Here we report an unusual case of secondary, pancreatic, nodular involvement diagnosed by EUS-FNA in a patient previously suffering from a diffuse large B-cell lymphoma.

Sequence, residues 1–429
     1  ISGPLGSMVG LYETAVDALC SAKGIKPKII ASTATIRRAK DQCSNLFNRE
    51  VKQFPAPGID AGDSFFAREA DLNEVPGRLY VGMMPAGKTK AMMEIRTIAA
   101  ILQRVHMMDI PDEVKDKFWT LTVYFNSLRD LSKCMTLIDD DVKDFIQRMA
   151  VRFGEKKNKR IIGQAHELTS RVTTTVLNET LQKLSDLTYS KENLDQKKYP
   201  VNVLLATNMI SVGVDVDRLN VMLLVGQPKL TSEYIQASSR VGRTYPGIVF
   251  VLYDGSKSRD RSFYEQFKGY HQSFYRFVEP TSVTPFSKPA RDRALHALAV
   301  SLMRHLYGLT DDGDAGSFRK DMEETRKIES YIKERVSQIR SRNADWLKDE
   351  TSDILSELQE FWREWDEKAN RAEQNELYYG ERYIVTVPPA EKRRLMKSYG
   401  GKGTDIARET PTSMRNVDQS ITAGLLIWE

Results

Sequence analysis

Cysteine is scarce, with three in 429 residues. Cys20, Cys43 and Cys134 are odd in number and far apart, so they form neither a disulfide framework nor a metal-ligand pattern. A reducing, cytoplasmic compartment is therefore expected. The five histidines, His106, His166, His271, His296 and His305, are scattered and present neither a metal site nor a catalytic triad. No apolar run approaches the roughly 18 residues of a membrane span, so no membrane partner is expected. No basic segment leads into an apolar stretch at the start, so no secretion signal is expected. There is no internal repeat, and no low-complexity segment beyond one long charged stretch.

An asymptomatic 68-years-old male patient was referred to our hospital for radiological follow-up of lymphoma. He had been diagnosed with diffuse large B-cell lymphoma 3 years earlier, and had obtained an excellent response to chemotherapy. At last evaluation, peripheral blood leukocyte count was normal and, at clinical evaluation, there was no evidence of palpable superficial lymph nodes. During the last follow-up, the patient underwent a CT scan showing no lymphadenopathies and no other neoplastic lesions at thoracic organs; however, a doubtful enlargement of the pancreatic head was seen (Figure 1). To better characterize this radiological finding, an EUS was performed, which showed in the uncinate process of the pancreas a hypoechoic mass measuring 17 mm in diameter characterized by infiltrative margins, with a central area of necrosis and ipoenhancement on evaluation after intravenous contrast agent administration (Sonovue) (Figure 2). Moreover, a peripheral rim of edematous pancreatic parenchyma was detected. The Endoscopist performed a FNA (3 passes, 25 G needle for direct smears and 3 passes, 22 G needle for cellblock) in order to rule out pancreatic involvement by the known lymphomatous disease. In the Pathology Unit direct smears were stained with May-Grunwald-Giemsa and with Papanicolaou stain. The 22 G needle and syringe were rinsed and the liquid obtained was later centrifuged. The sediment obtained was fixed in 10% buffered formaldehyde, routinely processed and paraffin-embedded as a cellblock. Two–micrometer– thick sections were cut, stained with hematoxylin and eosin (H&E). Other sections were cut and used for ancillary studies. Immunophenotypic profiles were determined according to standard immunoperoxidase methods. The panel of antisera for the cellblock sections included CD20, CD79a, CD3, and cytokeratin AE1/AE3. Both the direct smears and the cellblock sections displayed an abundant, scattered population composed by monomorphous large cells with round nuclei, with multiple nucleoli resembling lymphoid centroblasts. The immunocytochemistry analysis confirmed the cytological hypothesis showing expression of CD20 and CD79a and negativity for CD3 and cytokeratin AE1/AE3 (Figure 3). Finally, a diagnosis of pancreatic B-cell lymphoma was achieved.